Nucleostemin stabilizes ARF by inhibiting the ubiquitin ligase ULF

D. Lo, Y. Zhang, Mushui Dai, Xiao-Xin Sun, S. X. Zeng, H. Lu

Research output: Contribution to journalArticle

6 Citations (Scopus)

Abstract

Upregulated expression of nucleolar GTPase nucleostemin (NS) has been associated with increased cellular proliferation potential and tumor malignancy during cancer development. Recent reports attribute the growth regulatory effects of NS protein to its role in facilitating ribosome production. However, the oncogenic potential of NS remains unclear, as imbalanced levels of NS have been reported to exert growth inhibitory effect by modulating p53 tumor-suppressor activity. It also remains in questions if aberrant NS levels might have a p53-independent role in regulation of cell proliferation and growth. In this study, we performed affinity purification and mass spectrometry analysis to explore protein-protein interactions influencing NS growth regulatory properties independently of p53 tumor suppressor. We identified the alternative reading frame (ARF) protein as a key protein associating with NS and further verified the interaction through in vitro and in vivo assays. We demonstrated that NS is able to regulate cell cycle progression by regulating the stability of the ARF tumor suppressor. Furthermore, overexpression of NS suppressed ARF polyubiquitination by its E3 ligase Ubiquitin Ligase for ARF and elongated its half-life, whereas knockdown of NS led to the decrease of ARF levels. Also, we found that NS can enhance NPM stabilization of ARF. Thus, we propose that in the absence of p53, ARF can be stabilized by NS and nucleophosmin to serve as an alternative tumor-suppressor surveillance, preventing potential cellular transformation resulting from the growth-inducing effects of NS overexpression.Oncogene advance online publication, 28 April 2014; doi:10.1038/onc.2014.103.

Original languageEnglish (US)
JournalOncogene
DOIs
StateAccepted/In press - Apr 28 2014

Fingerprint

Reading Frames
Ligases
Ubiquitin
Neoplasms
Growth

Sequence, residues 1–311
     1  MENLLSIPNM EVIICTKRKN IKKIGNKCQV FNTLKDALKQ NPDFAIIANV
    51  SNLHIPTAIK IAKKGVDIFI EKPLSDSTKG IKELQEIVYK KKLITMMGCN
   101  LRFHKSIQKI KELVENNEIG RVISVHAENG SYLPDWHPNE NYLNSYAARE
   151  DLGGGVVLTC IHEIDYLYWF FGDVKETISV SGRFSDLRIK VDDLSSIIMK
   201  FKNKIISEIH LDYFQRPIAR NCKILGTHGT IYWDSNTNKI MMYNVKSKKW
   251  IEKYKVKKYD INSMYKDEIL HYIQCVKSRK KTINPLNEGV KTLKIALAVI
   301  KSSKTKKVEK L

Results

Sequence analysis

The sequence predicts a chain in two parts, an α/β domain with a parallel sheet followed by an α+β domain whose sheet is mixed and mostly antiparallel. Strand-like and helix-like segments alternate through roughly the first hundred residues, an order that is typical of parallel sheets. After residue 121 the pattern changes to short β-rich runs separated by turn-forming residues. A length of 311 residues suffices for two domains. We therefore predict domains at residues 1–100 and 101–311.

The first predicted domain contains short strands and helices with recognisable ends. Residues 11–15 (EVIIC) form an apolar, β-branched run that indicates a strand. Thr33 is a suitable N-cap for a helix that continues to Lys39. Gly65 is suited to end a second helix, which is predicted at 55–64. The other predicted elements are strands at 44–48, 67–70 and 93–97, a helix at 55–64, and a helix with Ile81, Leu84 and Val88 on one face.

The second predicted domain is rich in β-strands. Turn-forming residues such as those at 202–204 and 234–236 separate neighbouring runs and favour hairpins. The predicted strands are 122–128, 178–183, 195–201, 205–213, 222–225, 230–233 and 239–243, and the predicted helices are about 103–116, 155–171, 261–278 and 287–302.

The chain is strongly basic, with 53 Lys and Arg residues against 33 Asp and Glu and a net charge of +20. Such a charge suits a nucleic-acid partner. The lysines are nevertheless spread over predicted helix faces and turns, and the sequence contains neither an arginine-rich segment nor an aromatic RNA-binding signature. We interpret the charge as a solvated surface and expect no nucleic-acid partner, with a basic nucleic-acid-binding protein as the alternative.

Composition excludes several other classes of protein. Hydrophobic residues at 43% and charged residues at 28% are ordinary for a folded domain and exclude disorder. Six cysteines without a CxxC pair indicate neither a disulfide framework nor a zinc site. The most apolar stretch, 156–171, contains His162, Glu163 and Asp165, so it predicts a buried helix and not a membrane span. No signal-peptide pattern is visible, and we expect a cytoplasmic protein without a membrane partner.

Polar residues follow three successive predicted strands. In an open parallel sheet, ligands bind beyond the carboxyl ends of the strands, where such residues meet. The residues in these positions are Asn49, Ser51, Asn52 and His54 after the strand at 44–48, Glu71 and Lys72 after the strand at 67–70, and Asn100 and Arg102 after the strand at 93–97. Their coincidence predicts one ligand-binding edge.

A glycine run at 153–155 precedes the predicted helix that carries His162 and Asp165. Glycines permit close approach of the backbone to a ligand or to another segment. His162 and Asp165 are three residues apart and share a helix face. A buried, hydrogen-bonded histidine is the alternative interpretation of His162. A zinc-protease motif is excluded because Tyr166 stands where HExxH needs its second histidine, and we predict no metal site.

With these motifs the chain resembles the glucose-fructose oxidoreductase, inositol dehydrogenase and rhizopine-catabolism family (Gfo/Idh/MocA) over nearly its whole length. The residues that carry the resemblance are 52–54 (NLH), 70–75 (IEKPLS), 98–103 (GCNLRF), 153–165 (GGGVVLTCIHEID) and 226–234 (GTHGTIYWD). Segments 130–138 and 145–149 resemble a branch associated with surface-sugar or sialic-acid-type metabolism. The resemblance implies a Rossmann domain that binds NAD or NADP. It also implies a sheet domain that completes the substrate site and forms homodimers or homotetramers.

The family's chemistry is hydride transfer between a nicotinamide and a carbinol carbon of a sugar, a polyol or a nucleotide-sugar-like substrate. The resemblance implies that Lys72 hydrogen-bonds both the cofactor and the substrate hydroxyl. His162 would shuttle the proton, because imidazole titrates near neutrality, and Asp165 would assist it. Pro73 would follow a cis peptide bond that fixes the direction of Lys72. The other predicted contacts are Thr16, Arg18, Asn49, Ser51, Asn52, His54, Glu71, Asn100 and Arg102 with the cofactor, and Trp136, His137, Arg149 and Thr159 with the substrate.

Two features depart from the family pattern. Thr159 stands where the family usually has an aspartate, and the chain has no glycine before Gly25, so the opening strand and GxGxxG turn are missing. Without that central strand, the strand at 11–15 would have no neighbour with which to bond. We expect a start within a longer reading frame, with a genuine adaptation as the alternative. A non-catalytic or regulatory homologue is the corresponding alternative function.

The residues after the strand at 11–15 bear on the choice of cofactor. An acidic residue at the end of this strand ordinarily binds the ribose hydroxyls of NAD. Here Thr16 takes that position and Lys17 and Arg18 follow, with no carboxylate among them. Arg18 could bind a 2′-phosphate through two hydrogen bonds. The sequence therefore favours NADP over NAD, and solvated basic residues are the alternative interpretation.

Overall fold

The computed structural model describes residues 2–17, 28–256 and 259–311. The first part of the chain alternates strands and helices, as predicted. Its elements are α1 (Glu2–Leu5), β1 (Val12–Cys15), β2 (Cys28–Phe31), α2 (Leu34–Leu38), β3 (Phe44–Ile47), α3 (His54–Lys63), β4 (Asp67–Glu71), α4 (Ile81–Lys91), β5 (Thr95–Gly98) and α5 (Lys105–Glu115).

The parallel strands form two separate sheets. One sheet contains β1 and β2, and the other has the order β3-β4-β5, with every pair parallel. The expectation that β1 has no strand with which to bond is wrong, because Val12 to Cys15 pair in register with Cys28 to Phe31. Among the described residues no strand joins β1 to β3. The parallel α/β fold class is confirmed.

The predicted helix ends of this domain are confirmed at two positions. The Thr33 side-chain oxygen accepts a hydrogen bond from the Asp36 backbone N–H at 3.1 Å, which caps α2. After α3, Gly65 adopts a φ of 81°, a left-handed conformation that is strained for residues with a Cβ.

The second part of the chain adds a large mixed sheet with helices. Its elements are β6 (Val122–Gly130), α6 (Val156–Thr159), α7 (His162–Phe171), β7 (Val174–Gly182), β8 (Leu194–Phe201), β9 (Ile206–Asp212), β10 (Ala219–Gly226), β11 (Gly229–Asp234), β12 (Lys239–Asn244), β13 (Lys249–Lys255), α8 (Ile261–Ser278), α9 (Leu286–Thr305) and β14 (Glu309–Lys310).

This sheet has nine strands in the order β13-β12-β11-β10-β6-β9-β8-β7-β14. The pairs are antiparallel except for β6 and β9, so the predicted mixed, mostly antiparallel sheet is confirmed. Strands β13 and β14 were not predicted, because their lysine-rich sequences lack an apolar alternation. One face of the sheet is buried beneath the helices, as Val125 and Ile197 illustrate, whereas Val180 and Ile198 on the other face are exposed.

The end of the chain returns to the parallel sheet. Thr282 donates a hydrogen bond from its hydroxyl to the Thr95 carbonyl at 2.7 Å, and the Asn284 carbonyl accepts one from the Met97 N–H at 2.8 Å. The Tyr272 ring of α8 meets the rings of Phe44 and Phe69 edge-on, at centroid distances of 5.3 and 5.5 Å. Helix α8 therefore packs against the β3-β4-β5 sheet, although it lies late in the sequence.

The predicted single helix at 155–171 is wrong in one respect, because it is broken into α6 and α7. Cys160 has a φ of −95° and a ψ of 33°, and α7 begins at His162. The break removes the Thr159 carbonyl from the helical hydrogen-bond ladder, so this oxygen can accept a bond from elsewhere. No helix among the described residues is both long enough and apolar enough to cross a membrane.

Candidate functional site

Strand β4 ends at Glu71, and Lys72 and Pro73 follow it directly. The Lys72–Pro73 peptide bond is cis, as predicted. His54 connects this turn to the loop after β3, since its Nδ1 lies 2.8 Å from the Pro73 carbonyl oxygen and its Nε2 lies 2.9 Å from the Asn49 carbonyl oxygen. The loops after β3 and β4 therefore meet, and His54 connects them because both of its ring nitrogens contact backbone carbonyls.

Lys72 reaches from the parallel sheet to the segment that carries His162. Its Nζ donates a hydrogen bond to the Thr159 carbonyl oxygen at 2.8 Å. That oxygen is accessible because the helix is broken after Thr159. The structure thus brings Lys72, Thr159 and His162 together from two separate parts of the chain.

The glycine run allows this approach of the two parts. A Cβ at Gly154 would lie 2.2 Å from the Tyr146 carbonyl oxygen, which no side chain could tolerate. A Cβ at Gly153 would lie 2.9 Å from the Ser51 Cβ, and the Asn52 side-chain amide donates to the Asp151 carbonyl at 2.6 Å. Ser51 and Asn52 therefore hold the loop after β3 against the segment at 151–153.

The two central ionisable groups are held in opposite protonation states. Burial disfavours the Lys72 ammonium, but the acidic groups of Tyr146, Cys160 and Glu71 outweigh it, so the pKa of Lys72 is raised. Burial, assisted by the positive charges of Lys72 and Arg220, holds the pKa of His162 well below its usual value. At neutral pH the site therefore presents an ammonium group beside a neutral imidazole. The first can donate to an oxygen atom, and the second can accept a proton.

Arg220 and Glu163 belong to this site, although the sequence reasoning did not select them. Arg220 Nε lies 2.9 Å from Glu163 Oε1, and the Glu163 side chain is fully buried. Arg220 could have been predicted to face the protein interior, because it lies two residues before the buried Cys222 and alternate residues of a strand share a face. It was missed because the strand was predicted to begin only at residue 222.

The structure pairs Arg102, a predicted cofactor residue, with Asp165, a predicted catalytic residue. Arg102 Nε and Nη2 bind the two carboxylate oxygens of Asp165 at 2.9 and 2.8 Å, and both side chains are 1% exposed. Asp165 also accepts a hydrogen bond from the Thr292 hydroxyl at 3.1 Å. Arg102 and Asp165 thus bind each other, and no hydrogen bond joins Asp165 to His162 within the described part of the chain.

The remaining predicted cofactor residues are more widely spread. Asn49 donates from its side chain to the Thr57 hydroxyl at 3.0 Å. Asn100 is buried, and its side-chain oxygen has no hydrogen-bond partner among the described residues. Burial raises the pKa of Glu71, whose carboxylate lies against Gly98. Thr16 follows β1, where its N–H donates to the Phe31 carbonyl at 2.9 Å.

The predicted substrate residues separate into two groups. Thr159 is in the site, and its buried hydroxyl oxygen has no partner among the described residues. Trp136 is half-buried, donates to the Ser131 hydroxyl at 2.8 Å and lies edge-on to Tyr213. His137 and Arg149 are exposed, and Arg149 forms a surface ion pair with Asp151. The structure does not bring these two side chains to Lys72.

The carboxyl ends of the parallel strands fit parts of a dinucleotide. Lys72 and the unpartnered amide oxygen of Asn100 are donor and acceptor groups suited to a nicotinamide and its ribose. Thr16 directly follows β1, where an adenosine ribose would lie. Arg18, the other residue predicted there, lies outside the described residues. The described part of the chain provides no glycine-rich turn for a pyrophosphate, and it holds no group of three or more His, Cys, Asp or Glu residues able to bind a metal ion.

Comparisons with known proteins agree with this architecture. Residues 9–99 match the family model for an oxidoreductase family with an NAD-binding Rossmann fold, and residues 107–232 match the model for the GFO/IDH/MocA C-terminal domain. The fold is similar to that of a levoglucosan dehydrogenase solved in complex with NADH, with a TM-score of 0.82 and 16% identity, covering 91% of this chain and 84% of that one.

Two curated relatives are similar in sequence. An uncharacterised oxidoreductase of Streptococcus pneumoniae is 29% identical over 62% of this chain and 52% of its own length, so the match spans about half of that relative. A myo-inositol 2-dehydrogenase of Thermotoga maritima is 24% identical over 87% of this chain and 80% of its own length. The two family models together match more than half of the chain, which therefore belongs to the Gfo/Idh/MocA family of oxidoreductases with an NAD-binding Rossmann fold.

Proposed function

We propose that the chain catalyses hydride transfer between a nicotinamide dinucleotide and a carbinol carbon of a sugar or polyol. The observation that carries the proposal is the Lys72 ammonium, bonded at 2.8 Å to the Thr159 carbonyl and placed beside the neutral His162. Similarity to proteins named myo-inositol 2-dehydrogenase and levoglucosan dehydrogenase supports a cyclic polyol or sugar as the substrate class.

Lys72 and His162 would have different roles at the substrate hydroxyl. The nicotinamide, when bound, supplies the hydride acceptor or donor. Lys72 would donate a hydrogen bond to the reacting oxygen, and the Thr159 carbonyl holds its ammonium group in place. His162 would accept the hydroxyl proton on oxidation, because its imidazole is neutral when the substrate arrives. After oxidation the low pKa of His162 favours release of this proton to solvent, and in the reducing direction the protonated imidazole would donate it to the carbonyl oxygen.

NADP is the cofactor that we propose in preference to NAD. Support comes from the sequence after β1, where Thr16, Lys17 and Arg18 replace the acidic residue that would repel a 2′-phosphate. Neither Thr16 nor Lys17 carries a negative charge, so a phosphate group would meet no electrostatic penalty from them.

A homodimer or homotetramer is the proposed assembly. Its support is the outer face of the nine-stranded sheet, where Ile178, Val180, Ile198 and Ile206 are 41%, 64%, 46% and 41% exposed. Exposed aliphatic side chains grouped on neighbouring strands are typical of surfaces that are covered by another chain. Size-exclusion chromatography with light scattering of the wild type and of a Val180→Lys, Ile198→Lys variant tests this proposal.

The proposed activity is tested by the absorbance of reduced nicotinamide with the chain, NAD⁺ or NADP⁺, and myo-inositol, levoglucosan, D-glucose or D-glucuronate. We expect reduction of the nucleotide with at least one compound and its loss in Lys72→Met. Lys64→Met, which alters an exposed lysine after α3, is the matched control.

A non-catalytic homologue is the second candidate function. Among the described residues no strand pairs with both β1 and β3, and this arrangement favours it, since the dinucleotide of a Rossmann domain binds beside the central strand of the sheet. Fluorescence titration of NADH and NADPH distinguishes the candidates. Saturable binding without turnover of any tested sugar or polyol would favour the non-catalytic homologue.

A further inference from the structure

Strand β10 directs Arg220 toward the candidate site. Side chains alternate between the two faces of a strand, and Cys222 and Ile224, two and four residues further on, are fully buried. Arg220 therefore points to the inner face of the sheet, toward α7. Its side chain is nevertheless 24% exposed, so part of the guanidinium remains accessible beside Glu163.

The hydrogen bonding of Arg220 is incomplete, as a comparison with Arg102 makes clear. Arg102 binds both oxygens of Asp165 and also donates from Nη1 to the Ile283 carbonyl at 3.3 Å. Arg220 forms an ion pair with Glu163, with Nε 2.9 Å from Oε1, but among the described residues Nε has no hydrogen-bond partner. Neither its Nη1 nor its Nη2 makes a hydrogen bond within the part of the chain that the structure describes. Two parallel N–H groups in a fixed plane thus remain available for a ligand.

Proteins
Cell Proliferation
Ubiquitin-Protein Ligases
GTP Phosphohydrolases
Ribosomes
Oncogenes
Half-Life
Publications
Mass Spectrometry
Cell Cycle

ASJC Scopus subject areas

  • Molecular Biology
  • Genetics
  • Cancer Research

Cite this

Nucleostemin stabilizes ARF by inhibiting the ubiquitin ligase ULF. / Lo, D.; Zhang, Y.; Dai, Mushui; Sun, Xiao-Xin; Zeng, S. X.; Lu, H.

In: Oncogene, 28.04.2014.

Research output: Contribution to journalArticle

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abstract = "Upregulated expression of nucleolar GTPase nucleostemin (NS) has been associated with increased cellular proliferation potential and tumor malignancy during cancer development. Recent reports attribute the growth regulatory effects of NS protein to its role in facilitating ribosome production. However, the oncogenic potential of NS remains unclear, as imbalanced levels of NS have been reported to exert growth inhibitory effect by modulating p53 tumor-suppressor activity. It also remains in questions if aberrant NS levels might have a p53-independent role in regulation of cell proliferation and growth. In this study, we performed affinity purification and mass spectrometry analysis to explore protein-protein interactions influencing NS growth regulatory properties independently of p53 tumor suppressor. We identified the alternative reading frame (ARF) protein as a key protein associating with NS and further verified the interaction through in vitro and in vivo assays. We demonstrated that NS is able to regulate cell cycle progression by regulating the stability of the ARF tumor suppressor. Furthermore, overexpression of NS suppressed ARF polyubiquitination by its E3 ligase Ubiquitin Ligase for ARF and elongated its half-life, whereas knockdown of NS led to the decrease of ARF levels. Also, we found that NS can enhance NPM stabilization of ARF. Thus, we propose that in the absence of p53, ARF can be stabilized by NS and nucleophosmin to serve as an alternative tumor-suppressor surveillance, preventing potential cellular transformation resulting from the growth-inducing effects of NS overexpression.Oncogene advance online publication, 28 April 2014; doi:10.1038/onc.2014.103.",
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